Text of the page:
Is there any way to say the following more elegantly:

The argument relies on an unsupported, but likely correct, claim?

The intention is to say that some argument relies on a claim without providing an evidence. However, it is not a big problem, because the claim is likely correct. Can we say it in one line?



Parentheses might be better:

The argument relies on an unsupported (but likely correct), claim.

or "but" could be changed to "if", "albeit", or some other word.

Inverting the order might not be:

While likely correct, the claim on which this argument is based is unsupported.


This argument is predicated on a reasonable hypothesis.

A hypo-thesis would mean that the claim is unsubstantiated, however it is a reasonable one to hold.

  • This is good—except for the use of predicated which isn't a simple word. I would suggest using based on instead. – Jason Bassford Aug 7 '18 at 14:33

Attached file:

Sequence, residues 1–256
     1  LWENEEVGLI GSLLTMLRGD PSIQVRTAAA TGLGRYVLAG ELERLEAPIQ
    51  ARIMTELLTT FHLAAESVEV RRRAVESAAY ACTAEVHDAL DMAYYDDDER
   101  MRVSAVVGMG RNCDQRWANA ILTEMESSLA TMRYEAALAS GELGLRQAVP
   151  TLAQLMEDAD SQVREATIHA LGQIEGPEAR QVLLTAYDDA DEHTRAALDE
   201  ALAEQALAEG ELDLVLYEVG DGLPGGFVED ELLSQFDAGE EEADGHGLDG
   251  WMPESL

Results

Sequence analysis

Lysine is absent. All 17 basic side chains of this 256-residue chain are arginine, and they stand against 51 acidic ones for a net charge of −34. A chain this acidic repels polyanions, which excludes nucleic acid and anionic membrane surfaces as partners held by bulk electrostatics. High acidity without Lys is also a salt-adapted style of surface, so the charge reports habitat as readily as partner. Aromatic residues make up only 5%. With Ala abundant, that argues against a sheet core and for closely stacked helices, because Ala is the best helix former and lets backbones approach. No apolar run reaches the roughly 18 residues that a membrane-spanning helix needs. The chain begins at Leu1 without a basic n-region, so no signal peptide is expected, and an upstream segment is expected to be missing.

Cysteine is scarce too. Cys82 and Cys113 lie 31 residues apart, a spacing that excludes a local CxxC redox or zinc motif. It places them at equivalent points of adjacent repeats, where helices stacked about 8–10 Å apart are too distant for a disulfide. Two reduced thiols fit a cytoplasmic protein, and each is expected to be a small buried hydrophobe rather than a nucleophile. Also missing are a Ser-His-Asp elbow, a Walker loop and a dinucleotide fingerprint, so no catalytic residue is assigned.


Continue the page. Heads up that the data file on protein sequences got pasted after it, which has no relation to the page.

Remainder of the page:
• I think this is good, assuming she doesn't want to draw too much attention to the lack of evidence. – S Conroy Aug 7 '18 at 15:05

It think it depends on what you wish to emphasise.

If the fact that the claim is unsupported is of primary importance, then I think Steve Smith's second answer is good.

If you want a slightly stronger emphasis on the fact that the claim is correct you could try:

'The argument relies on a claim which is unsupported but probably correct'.

Your Answer

By clicking “Post Your Answer”, you agree to our terms of service, privacy policy and cookie policy

Not the answer you're looking for? Browse other questions tagged or ask your own question.